Love or hatred calls for self-surrender. He cuts a fine figure, the warm-blooded, prosperous man, solidly entrenched in his well-being, who one fine day surrenders all to love—or to hatred; himself, his house, his land, his memories. ― Jean-Paul Sartre, No Exit and Three Other Plays. (Vintage; Reissue edition, October 23, 1989) Originally published 1947.… Continue reading Jean-Paul Sartre
I felt myself in a solitude so frightful that I contemplated suicide. What held me back was the idea that no one, absolutely no one, would be moved by my death, that I would be even more alone in death than in life. — Jean-Paul Sartre, Nausea. (New Directions Publishing Corporation January 1, 1975) Originally… Continue reading Jean-Paul Sartre
Don’t be afraid; I’ll keep looking at you for ever and ever, without a flutter of my eyelids, and you’ll live in my gaze like a mote in a sunbeam. — Jean-Paul Sartre, No Exit. (Samuel French, Inc. 1958) Originally published 1944.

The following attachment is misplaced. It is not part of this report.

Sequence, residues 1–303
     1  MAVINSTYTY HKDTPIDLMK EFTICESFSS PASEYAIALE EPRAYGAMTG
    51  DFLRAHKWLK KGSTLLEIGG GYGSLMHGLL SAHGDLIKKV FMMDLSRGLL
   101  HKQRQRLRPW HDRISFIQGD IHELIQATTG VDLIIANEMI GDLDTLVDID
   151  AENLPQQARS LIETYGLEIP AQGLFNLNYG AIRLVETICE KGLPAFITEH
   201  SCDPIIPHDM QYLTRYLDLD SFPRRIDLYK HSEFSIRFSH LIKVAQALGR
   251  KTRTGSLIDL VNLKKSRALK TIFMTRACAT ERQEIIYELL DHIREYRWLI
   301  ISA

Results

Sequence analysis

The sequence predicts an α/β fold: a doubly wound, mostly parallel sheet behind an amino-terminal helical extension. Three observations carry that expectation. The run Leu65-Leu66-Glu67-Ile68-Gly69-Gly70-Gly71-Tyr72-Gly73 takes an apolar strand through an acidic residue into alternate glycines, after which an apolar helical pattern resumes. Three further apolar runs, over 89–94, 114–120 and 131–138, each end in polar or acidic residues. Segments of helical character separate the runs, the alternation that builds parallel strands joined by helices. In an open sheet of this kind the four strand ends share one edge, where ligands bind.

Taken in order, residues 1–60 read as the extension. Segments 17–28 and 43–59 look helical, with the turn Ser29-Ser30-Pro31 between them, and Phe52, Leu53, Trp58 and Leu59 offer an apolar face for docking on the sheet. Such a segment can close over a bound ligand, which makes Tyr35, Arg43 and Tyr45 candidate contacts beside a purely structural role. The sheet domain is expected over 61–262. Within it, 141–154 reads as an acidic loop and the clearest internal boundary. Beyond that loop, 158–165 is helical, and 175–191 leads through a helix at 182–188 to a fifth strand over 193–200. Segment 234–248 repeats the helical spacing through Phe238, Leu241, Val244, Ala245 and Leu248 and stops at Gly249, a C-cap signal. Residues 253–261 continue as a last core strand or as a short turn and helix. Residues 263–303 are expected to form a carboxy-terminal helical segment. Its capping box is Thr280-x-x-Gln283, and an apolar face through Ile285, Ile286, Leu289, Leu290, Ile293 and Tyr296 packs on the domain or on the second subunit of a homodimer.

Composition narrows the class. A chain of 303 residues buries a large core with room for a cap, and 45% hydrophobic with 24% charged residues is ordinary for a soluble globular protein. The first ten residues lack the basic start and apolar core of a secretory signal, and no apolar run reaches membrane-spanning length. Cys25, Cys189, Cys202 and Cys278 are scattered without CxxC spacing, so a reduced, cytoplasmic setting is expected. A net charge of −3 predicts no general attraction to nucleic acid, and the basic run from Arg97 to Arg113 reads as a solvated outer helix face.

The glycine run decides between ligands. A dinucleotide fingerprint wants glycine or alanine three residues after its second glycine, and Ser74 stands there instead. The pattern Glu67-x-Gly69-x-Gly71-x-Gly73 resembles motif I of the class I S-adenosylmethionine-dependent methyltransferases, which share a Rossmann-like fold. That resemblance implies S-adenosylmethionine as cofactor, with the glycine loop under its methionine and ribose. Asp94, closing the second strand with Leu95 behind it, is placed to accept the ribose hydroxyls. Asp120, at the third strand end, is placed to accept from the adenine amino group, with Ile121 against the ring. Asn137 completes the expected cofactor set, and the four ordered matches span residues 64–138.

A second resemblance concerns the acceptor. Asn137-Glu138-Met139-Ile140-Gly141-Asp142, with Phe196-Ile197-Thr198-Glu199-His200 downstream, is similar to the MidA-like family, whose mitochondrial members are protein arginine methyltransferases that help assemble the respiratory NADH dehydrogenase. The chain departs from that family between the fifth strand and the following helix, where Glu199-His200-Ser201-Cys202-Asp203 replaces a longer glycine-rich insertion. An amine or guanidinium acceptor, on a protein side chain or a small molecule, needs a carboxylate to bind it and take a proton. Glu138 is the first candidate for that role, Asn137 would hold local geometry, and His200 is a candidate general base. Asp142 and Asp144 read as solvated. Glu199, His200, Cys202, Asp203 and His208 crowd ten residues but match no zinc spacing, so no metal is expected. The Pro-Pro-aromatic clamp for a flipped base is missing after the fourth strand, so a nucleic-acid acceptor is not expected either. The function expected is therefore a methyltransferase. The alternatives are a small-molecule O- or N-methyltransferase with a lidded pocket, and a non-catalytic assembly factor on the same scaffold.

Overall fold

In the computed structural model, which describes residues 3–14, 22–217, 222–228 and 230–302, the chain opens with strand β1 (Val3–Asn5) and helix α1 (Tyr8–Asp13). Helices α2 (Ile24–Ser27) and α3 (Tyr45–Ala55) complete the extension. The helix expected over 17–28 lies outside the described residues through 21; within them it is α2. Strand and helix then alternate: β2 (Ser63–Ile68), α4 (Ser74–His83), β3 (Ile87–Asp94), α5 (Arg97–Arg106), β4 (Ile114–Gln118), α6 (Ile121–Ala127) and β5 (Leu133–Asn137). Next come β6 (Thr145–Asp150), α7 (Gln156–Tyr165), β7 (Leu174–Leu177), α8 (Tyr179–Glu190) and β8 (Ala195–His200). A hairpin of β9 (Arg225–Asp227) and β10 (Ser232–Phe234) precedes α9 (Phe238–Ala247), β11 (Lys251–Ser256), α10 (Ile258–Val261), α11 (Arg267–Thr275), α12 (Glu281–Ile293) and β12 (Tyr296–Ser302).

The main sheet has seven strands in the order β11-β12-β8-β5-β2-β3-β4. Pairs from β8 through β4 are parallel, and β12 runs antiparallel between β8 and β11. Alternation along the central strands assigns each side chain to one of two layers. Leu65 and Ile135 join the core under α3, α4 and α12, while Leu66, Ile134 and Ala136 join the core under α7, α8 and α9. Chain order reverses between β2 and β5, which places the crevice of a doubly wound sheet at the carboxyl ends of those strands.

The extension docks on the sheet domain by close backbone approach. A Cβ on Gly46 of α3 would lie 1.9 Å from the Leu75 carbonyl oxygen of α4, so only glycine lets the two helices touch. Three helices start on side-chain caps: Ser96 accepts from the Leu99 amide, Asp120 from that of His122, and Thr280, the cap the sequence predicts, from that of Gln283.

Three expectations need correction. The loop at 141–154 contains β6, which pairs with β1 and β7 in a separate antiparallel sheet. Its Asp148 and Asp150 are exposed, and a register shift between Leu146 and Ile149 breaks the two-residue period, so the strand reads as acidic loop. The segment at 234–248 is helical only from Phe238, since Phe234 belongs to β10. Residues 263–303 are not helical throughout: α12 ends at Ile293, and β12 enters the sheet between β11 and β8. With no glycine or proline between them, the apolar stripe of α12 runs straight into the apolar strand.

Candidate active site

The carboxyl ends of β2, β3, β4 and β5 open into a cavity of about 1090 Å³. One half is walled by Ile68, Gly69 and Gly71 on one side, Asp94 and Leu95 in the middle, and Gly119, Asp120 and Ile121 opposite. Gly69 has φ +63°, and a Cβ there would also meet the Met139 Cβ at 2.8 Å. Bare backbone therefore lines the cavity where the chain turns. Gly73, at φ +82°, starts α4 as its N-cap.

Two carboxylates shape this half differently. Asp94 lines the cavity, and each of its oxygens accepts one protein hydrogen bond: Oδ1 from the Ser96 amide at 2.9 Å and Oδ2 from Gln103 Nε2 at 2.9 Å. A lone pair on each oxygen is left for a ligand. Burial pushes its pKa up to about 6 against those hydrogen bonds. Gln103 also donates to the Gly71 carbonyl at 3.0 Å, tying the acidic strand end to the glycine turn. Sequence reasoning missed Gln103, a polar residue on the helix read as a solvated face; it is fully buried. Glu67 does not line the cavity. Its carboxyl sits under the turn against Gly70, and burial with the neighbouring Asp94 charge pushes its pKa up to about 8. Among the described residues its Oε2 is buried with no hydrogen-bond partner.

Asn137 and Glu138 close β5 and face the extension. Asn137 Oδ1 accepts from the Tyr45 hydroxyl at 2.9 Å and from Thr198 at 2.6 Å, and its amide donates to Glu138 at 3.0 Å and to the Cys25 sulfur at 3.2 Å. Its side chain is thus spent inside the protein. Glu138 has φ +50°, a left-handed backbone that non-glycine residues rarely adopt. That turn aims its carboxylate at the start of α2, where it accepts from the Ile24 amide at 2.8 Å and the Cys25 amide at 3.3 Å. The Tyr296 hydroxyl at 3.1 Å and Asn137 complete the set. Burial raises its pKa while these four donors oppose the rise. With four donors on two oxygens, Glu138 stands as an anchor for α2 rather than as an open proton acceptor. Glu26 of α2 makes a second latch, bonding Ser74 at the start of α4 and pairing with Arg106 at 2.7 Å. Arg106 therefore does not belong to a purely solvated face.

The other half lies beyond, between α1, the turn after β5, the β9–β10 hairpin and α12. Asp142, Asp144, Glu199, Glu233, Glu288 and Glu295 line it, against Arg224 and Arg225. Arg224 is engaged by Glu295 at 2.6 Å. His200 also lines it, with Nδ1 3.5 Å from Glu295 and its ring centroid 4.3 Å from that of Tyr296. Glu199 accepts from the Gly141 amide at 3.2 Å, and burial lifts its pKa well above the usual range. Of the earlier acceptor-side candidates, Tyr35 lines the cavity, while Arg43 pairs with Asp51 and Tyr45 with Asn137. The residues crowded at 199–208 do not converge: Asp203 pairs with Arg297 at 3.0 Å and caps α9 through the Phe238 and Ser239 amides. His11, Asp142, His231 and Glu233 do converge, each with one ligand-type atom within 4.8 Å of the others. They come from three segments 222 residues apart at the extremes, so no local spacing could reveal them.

It’s strange. I felt less lonely when I didn’t know you. — Jean-Paul Sartre, The Flies. (1943)
This is what I thought: for the most banal even to become an adventure, you must (and this is enough) begin to recount it. This is what fools people: a man is always a teller of tales, he sees everything that happens to him through them; and he tries to live his own life as… Continue reading Jean-Paul Sartre
Death is a continuation of my life without me… ― Jean-Paul Sartre
In order for me to feel necessary, someone would have had to express a need for me. — Jean-Paul Sartre, The Words: The Autobiography of Jean-Paul Sartre (Vintage,1981) Originally published 1963.